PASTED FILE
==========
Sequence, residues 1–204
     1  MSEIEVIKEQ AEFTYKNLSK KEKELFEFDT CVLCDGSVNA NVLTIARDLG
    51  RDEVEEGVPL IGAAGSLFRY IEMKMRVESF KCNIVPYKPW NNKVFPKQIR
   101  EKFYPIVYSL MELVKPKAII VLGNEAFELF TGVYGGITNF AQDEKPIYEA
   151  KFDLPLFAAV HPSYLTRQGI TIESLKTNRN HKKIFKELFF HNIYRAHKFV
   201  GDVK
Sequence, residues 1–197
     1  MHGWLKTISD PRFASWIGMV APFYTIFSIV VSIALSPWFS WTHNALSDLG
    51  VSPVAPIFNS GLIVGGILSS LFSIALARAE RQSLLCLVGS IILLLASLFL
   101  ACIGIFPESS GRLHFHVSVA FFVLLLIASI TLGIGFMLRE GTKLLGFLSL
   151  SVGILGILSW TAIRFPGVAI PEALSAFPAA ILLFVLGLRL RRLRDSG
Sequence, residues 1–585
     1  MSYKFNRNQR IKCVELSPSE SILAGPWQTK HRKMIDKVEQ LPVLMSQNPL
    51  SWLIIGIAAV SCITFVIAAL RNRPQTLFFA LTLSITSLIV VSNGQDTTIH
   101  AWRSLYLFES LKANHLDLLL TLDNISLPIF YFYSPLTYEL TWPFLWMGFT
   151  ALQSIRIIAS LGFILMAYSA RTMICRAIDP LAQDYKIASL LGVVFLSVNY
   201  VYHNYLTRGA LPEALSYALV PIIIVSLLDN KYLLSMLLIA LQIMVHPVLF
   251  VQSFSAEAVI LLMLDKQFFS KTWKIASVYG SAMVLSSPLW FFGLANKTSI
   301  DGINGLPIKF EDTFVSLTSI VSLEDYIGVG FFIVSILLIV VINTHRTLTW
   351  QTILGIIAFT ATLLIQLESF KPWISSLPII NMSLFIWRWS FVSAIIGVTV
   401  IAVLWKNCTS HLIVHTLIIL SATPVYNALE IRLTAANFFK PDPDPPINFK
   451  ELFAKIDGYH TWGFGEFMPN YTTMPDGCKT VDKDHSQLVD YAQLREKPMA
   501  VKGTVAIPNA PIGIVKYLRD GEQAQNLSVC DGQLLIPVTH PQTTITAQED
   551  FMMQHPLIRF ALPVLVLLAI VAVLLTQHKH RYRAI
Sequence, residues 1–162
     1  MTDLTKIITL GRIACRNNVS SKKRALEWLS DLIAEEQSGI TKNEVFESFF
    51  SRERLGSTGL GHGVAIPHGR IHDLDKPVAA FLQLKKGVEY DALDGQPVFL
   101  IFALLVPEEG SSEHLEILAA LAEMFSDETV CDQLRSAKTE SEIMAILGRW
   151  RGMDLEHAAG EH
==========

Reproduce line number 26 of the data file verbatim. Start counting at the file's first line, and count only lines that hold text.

     1  MTDLTKIITL GRIACRNNVS SKKRALEWLS DLIAEEQSGI TKNEVFESFF